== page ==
Quantitative analyses of objects of art have been delivering valuable research results in archaeology for decades, and the study of the devata at Angkor Wat obviously has the potential to make some kind of contribution to that considerable body of work. It’s a shame that the true value of Mr. Davis’ research always seems to get lost amongst all the grandstanding, the hyperbole, and the stuff that’s just plain wacky. Everyone knows that the Independent has form on craptastic coverage of research on Southeast Asian archaeology (infamously, their hilarious puff piece on “Indiana” Sharrock from a few months back) so maybe it’s best not to take what they write too seriously. But as a counterweight to this kind of Facebook fluff, wouldn’t it be good to finally see some of these results appearing in an independent, peer-reviewed, scholarly publication…?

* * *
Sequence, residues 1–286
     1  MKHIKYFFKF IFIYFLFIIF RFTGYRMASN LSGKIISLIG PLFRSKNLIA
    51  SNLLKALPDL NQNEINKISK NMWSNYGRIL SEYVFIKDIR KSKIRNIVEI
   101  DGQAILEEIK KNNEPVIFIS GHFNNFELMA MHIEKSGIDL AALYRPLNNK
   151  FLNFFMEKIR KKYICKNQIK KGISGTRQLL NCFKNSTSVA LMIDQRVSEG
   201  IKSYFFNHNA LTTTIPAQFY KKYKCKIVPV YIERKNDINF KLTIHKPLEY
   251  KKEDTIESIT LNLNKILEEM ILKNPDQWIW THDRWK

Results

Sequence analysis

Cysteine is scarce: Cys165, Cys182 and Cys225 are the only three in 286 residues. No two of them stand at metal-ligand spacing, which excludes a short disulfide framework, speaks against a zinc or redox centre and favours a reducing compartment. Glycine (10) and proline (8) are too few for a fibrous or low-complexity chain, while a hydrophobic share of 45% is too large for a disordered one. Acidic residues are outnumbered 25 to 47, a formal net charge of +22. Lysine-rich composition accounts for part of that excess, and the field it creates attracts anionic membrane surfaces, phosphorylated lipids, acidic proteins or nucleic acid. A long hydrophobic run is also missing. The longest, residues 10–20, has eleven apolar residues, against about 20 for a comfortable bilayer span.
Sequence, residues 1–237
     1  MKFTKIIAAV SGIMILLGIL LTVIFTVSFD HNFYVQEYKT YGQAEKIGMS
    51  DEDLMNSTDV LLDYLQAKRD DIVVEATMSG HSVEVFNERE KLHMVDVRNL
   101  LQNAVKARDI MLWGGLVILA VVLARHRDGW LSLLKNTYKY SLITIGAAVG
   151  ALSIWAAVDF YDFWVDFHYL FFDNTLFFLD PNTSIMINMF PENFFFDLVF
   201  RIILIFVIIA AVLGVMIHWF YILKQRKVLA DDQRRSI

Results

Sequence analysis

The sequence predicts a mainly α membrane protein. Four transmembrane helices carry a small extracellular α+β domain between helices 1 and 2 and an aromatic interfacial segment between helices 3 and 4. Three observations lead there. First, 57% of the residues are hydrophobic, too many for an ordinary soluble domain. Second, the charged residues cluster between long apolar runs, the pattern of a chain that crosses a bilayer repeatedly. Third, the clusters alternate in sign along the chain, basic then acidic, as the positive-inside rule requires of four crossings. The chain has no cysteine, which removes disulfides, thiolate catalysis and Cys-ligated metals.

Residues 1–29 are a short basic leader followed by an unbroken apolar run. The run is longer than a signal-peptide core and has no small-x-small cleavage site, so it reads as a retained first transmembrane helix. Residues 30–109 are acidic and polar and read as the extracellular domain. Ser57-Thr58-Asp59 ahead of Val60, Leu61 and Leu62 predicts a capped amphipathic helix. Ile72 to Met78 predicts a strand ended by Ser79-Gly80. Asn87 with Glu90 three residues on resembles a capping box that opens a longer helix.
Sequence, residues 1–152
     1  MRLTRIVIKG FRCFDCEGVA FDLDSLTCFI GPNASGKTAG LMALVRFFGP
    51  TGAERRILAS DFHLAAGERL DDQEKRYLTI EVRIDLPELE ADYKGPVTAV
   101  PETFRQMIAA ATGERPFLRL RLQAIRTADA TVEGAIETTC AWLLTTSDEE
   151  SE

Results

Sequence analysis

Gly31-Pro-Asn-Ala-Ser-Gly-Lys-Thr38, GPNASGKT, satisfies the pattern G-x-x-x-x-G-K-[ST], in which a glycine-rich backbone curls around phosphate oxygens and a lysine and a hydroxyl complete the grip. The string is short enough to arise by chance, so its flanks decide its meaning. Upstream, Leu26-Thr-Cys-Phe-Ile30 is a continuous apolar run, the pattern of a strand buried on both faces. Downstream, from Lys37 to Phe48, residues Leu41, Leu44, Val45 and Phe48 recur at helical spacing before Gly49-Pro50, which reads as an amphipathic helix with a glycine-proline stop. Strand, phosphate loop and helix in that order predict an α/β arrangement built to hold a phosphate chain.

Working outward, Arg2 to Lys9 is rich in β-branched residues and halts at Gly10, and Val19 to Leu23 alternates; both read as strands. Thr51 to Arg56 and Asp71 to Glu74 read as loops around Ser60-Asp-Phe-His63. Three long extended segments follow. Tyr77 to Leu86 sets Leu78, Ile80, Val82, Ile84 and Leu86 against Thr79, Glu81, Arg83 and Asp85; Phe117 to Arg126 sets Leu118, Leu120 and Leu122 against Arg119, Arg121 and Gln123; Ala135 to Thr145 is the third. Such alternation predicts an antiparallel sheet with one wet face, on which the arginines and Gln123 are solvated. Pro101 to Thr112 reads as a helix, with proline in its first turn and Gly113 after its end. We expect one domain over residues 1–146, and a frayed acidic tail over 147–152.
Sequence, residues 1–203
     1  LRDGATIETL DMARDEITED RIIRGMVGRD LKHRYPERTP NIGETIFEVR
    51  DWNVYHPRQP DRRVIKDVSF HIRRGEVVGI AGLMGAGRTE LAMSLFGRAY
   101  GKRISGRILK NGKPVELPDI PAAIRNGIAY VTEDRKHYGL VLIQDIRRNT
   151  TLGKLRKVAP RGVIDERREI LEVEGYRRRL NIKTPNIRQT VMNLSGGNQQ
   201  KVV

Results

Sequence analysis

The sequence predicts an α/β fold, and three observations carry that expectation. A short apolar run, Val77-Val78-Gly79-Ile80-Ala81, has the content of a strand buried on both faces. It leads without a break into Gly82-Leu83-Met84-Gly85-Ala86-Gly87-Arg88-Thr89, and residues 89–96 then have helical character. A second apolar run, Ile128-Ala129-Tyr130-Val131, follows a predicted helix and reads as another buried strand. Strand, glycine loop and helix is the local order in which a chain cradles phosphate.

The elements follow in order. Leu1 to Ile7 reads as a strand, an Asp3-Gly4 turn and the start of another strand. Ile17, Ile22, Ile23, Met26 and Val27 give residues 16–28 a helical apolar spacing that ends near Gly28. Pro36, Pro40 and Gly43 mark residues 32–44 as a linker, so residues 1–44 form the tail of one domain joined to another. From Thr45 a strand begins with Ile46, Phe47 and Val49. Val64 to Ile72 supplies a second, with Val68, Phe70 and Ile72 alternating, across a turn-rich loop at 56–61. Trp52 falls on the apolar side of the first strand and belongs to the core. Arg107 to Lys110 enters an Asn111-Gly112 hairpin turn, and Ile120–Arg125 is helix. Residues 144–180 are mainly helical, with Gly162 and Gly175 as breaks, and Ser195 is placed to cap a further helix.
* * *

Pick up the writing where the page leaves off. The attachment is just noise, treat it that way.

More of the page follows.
2. Why do people with the strongest opinions always post their brilliance anonymously? (-: I would think they would LOVE to get credit for being so smart…unless they are entirely insecure about their opinions.

    “Yada” brings up some excellent points…the best one being at the end stating that “craptastic coverage” may not be the best way to get news about research. The original study is available for download, along with a better (but not perfect) news article here

    Speaking to a couple of the issues above.

    “Every Cambodian knows all this too, and I’m not sure they’d see the point of a white guy doing a study based on facial/cranial measurements to prove it (hello 19th Century!).”